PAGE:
In my post about “Most Common Investment Strategies” I mentioned, that defining and sticking to a clear and well-thought-out investment strategy is a key factor for success. It is like planning your destinations for a long standing roadtrip. You need to define and quantify targets that you would like to achieve, because it will help you to stay focused, motivated and to control your emotions in every market environment. Of course, you do not yet know where your journey will end, but at least you have a plan that you can follow.
The economic environment that we are currently facing in 2020 motivated me to review my personal investment strategy and to rebalance my portfolio. In the following you will find an overview about my personal long-term investment strategy, incl. some background information on which my strategy is based on.
This strategy and the targets that I defined, are the basis for my dividend growth stock portfolio, which I am going to reveal at a later stage.
In general, the idea of my dividend growth stock portfolio is to gather passive income via dividend payments and to reduce the overal portfolio risk and volatility. The dividend payments will be reinvested to benefit from compounding interest and to grow my net worth long-term. Cashflow is my main priority, because as soon as my portfolio has grown to a specific value, I can stop further investing and just benefit from the monthly payments provided.
Therefore, my first long-term target is to amass a portfolio value of €100,000 until 2030. My second long-term target is to increase my portfolio value to €180,000 until 2035. To stay motivated, I defined an intermediate target for my portfolio of €30,000 by 2023.
- Mid-term target: €30,000 by 2023 (3 years)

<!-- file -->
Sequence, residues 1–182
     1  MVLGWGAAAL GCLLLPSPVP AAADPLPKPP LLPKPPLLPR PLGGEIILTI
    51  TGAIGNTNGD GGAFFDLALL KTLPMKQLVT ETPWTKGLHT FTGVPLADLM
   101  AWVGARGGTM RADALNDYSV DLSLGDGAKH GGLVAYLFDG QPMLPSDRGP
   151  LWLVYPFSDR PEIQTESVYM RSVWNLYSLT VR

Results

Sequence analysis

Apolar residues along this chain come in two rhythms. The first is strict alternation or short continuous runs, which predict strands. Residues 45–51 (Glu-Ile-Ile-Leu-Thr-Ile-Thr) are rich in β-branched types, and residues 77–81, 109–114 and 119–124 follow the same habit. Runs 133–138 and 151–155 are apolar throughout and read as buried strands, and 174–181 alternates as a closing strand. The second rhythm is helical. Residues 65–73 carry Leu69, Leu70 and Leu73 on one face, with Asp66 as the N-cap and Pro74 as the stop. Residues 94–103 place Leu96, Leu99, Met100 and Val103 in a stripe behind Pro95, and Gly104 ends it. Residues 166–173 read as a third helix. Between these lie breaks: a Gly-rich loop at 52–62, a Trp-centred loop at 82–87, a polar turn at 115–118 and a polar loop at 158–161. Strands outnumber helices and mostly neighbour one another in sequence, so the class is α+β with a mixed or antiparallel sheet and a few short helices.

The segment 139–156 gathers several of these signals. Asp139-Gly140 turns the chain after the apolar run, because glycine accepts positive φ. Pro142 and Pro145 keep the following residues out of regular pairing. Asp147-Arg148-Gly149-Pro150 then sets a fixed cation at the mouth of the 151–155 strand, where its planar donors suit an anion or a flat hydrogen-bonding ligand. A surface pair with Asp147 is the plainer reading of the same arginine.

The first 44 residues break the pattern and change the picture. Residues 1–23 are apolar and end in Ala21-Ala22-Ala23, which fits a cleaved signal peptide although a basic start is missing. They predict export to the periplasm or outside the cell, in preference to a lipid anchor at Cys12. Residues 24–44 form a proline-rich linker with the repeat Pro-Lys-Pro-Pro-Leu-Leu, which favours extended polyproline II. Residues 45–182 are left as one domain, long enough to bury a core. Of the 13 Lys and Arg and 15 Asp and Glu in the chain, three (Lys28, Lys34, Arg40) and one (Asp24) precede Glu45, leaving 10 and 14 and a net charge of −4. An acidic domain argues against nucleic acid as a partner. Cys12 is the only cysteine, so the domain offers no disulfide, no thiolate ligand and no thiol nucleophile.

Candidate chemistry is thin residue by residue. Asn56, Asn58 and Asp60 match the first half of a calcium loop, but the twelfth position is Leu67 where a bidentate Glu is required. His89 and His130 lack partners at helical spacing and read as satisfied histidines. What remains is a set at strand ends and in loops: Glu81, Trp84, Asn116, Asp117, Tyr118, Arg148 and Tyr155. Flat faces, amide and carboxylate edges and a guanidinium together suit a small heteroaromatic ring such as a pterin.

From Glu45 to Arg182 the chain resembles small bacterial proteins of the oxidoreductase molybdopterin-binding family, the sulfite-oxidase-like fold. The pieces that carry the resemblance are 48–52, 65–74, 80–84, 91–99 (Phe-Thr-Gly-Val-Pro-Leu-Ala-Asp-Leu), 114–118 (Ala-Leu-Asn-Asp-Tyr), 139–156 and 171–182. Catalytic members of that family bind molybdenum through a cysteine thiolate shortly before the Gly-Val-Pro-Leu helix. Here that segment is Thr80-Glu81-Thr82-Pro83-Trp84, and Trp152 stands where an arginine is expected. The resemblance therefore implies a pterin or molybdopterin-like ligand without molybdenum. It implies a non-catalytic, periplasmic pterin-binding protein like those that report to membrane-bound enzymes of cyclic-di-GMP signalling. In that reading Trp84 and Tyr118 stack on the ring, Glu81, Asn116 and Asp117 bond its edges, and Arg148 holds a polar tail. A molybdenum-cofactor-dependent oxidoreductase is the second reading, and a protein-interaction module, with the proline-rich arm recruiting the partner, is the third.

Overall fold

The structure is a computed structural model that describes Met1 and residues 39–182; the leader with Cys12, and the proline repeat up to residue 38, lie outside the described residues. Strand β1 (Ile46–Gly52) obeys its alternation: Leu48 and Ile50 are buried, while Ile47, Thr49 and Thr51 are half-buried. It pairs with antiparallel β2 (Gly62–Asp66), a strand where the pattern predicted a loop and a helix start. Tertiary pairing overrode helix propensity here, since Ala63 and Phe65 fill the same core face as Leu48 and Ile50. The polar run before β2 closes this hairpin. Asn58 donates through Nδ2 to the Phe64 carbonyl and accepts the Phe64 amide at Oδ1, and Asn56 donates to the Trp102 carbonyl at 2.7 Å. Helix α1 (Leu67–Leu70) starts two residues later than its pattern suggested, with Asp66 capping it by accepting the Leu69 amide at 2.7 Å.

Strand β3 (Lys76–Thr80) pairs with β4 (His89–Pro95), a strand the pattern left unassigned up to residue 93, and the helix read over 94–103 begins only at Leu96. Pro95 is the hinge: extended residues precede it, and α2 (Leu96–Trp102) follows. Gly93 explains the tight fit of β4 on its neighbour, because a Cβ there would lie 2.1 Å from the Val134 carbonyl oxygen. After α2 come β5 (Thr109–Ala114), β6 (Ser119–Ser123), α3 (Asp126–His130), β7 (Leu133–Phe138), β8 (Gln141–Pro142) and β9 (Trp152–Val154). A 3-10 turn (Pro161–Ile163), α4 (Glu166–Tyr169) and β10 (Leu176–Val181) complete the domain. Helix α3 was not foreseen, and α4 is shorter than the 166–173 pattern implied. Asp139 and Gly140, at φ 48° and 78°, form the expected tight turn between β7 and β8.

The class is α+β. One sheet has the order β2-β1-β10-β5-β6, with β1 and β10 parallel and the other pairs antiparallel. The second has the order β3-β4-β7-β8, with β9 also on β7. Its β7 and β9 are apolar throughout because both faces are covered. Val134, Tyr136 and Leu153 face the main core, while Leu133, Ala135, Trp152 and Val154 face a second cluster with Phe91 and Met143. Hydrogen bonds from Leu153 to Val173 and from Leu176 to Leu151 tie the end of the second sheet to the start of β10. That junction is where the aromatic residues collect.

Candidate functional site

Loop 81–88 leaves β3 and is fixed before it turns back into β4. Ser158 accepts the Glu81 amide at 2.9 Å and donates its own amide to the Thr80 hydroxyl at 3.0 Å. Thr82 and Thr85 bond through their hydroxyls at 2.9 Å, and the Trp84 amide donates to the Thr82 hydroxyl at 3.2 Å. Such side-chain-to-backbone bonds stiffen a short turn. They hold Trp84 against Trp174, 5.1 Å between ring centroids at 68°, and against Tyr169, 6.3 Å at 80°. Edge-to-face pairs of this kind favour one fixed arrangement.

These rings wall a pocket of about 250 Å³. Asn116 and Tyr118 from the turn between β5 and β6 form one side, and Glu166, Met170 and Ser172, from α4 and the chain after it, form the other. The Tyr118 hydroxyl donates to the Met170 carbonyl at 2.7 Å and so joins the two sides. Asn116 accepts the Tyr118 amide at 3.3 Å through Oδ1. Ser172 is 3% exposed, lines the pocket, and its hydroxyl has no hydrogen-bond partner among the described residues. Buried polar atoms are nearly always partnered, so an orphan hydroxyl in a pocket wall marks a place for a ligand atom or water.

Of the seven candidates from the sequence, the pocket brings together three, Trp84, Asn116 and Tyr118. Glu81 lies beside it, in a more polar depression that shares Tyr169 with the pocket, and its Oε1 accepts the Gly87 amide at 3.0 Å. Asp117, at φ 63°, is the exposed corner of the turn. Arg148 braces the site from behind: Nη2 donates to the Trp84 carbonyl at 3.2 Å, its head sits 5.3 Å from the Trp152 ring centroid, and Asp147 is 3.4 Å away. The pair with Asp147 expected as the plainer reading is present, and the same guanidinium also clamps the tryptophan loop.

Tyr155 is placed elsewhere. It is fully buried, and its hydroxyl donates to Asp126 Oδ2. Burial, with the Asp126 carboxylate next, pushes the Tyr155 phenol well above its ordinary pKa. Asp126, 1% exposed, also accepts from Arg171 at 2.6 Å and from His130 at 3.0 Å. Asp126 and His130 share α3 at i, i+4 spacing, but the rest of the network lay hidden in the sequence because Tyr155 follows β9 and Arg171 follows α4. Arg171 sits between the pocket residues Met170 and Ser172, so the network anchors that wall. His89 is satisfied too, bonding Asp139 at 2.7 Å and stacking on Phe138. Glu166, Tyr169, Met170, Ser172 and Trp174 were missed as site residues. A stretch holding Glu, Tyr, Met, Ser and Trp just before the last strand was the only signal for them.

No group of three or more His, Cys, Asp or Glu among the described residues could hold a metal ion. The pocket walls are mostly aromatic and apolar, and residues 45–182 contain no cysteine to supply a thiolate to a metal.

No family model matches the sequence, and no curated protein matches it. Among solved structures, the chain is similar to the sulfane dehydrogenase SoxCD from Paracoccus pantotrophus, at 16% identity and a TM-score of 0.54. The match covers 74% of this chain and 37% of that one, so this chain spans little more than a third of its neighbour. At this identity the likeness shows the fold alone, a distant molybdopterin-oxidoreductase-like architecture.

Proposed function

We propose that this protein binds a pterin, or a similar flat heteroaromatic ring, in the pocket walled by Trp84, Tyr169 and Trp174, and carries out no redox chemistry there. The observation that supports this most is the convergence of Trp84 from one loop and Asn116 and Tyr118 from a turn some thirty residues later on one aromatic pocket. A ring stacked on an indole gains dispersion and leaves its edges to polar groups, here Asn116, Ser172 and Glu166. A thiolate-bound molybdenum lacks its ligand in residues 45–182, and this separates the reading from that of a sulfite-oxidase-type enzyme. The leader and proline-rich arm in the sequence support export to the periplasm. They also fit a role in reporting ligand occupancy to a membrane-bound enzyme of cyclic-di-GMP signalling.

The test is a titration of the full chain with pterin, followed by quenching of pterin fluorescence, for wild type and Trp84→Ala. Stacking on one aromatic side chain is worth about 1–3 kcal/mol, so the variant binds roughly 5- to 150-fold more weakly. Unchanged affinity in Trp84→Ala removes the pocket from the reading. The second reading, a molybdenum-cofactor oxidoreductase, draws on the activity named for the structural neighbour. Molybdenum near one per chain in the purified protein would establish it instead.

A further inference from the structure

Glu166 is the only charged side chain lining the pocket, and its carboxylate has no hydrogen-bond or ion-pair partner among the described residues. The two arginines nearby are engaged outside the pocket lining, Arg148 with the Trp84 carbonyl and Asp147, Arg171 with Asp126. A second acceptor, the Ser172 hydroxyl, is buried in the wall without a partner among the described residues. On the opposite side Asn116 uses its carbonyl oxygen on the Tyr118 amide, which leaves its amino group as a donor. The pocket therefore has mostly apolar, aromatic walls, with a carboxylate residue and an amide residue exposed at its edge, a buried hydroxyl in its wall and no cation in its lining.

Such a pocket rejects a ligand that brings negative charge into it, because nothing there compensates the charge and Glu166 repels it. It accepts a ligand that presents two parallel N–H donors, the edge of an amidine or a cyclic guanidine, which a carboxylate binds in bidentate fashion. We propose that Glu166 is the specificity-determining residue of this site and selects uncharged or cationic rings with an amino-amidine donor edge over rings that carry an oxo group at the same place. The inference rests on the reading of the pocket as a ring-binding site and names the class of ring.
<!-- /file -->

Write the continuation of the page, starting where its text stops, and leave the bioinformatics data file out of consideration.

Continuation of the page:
- Long-term target 1: €100,000 by 2030 (10 years)
- Long-term target 2: €180,000 by 2035 (15 years)
What is the background for these targets? My goal is to achieve an annual average rate of return of 5-7% with my portfolio, which is lower compared to the annual average rate of return of 10% of the S&P 500 over the last 100 years. By keeping my target rather low, I can focus to invest in less-risky companies, that have proven to pay stable or even increasing dividends long-term.
To achieve the targets mentioned above, I will need to invest €600 in the stock market every month during the next 15 years, considering an annual average rate of return of only 5%. In terms of dividend payments, my target is to achieve a dividend yield of 4% on my investments.
What about cashflow? Based on a dividend yield of 4% and the targets mentioned above, I can expect following dividend payments from my portfolio in the future:
- Mid-term target (€30,000): Dividends €1,200 annually or €100 monthly
- Long-term target 1 (€100,000): Dividends €4,000 annually or €330 monthly
- Long-term target 2 (€180,000): Dividends €7,200 annually or €600 monthly
I think it is clear in which direction this is going. As soon as I have achieved my mid-term target, I will be paid around €100 every month from my portfolio. These €100 will be used to reinvest in stocks to even accelerate the growth of my portfolio. But in 15 years from now, I will be able to maintain my defined monthly investment rate of €600 only by reinvesting the dividends, that will be paid from my portfolio. And just in case I do not want to further invest in my portfolio at that time anymore, I will receive €600 of dividend payments every single month until the end of my life passively. This is the main advantage of a dividend paying portfolio, I will not be forced to sell any of my stocks, to earn money from it.
From that point on, it will be easy to maintain further growth of my portfolio and to benefit from the power of compounding interest. Just to give you an idea, in case I will continue to further investment at the same rate until 2045 (30 years), my portfolio value will grow to approx. €500,000, while I have only invested around €215,000 of my own money into it.
Of course, what needs to be considered are taxes on dividend payments and inflation that reduces my buying power. But, increasing dividend payments will partly compensate that.